Researching family history is one of the most important journeys that someone can go on in their lifetime. Since everyone has a lineage and ancestors that they might not know existed, finding stories, names of family members, dates and other records can really give them a sense of belonging. Ohio genealogy records, allows for people to build upon their family tree and help them to find out where they came from and who they are as people. There are many resources available for researching genealogy on the internet.
A great place to start for any Ohio genealogy records will be through the Ohio Department of Health's vital records office. This site is provided by the Ohio state government and has 5 different ways to order a record. Through the vital statistics office you can mail, order in person, through a local county office, order online through the office or through a third party website. Obtaining birth and death records from each city and county's health office where the event occurred and can contact the local office directly is as easy as ordering through the department of health itself. Whichever way you choose to order, the average wait time is expected to be around 3 to 6 weeks from the day that the application is sent.
An application form is mandatory to fill out in order to obtain any certified copies of birth, death, marriage and divorce records. Applications include information about the person whose vital record is being requested as well as any searched that may be needed. The fees or charges for the records are included on the application which makes it easier to figure out what has to be paid. Both birth and death certificates are $21.50 each and other records including marriage and divorce are $3.00 per search. You will have to include the name, date of event and place in Ohio if you know it.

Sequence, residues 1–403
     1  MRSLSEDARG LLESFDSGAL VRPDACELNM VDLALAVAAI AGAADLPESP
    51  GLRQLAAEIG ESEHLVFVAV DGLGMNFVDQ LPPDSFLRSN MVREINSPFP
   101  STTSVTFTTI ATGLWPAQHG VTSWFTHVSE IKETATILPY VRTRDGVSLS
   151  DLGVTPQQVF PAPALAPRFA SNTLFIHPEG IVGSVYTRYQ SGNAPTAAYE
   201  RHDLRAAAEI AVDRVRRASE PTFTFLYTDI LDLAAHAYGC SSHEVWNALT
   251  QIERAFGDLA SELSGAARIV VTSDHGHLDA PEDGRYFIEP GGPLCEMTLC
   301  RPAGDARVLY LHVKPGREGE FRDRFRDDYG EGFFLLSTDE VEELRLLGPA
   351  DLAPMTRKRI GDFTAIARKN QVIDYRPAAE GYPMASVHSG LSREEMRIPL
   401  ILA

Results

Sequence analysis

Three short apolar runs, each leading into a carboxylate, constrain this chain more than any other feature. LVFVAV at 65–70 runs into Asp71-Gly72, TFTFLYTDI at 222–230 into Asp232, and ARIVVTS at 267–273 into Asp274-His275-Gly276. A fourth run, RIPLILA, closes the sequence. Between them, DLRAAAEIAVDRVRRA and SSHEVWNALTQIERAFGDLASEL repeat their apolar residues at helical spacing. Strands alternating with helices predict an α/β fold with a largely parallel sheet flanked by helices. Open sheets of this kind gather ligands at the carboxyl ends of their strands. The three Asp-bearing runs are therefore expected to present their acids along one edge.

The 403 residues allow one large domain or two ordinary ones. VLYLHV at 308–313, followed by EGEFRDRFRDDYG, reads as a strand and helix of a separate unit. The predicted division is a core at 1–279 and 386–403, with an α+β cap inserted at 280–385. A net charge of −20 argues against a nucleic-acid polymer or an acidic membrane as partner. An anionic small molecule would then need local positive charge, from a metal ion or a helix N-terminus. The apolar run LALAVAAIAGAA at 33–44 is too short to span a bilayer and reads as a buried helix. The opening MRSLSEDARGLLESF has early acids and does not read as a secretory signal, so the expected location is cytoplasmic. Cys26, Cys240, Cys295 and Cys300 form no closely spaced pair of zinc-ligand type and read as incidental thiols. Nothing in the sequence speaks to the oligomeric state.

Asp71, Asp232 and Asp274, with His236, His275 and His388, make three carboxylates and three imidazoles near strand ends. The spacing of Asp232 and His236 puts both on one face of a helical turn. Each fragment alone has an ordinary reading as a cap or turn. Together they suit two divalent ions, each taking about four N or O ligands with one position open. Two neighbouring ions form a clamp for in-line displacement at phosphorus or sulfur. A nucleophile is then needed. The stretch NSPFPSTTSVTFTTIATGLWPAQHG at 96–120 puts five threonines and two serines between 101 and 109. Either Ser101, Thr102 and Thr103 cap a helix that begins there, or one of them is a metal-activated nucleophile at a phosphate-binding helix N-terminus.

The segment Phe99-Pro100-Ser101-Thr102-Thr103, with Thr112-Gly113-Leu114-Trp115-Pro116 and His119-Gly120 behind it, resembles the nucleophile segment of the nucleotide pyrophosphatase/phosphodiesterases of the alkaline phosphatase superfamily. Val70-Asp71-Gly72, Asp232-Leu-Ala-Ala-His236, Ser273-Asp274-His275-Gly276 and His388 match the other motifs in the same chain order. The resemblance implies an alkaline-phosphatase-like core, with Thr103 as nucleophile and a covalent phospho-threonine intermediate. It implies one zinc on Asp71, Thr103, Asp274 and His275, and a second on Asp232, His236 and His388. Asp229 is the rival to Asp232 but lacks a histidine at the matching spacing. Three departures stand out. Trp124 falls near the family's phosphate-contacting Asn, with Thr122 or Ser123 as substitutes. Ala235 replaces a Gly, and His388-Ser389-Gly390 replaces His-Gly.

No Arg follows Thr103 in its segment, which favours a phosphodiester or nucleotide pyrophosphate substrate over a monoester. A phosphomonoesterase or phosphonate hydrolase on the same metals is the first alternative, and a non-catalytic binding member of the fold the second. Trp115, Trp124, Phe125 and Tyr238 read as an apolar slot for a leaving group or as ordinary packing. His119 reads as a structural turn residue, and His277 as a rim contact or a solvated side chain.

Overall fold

Another place to research Ohio genealogy records is through the Ohio Genealogical Society. Since this web page requires that you pay for a membership, if you perform a search you will have to pay $20 for all access to the statewide databases including birth indexes between 1940 and 1998. There are several free databases however to go through such as Ohio Obituary Index and the Ohio Civil War Genealogy Center. These free databases allow you to search by surnames and first names. Any names as a result will include the year and place in Ohio.
Since Ohio did not make it a law to keep records until 1867, any records that were before those dates might be found through the Ohio Historical Society's archives. The base fee to search through the indexed public record section is $12 per record and search. This also includes 4 pages of copies. The Ohio Historical Society does not accept cash, but other forms of payment will be accepted. The amount of time expected to wait for requests will be up to 30 days. Any Ohio genealogy records that you get will benefit your genealogy research by giving you dates names and locations in Ohio.
Ohio genealogy records are kept by the Ohio Office of Vital Statistics. The Office of Vital Statistics was established in 1989 by state statute 3705.02 of the Ohio Administrative Code. All of Chapter 3705 of the Ohio Administrative Code deals with the rules and regulations of the Office of Vital Statistics. Birth, death, fetal death, marriage, divorce, and burial records are all kept by the same office in Ohio, and all are helpful genealogy records.
Ohio Administrative Code section 3705.23 addresses access to the information contained in any vital records. Applicants must meet certain criteria when applying for access to vital records. In an effort to thwart would-be identity thieves, statute 3705.27 allows the director of health to match birth and death records and to post the date of death to the matching birth record.
OAC section 3705.12 delineates the regulations that the Office of Vital Statistics must follow when dealing with adoption records. Adoption records are generally not considered public record and access may require a court order.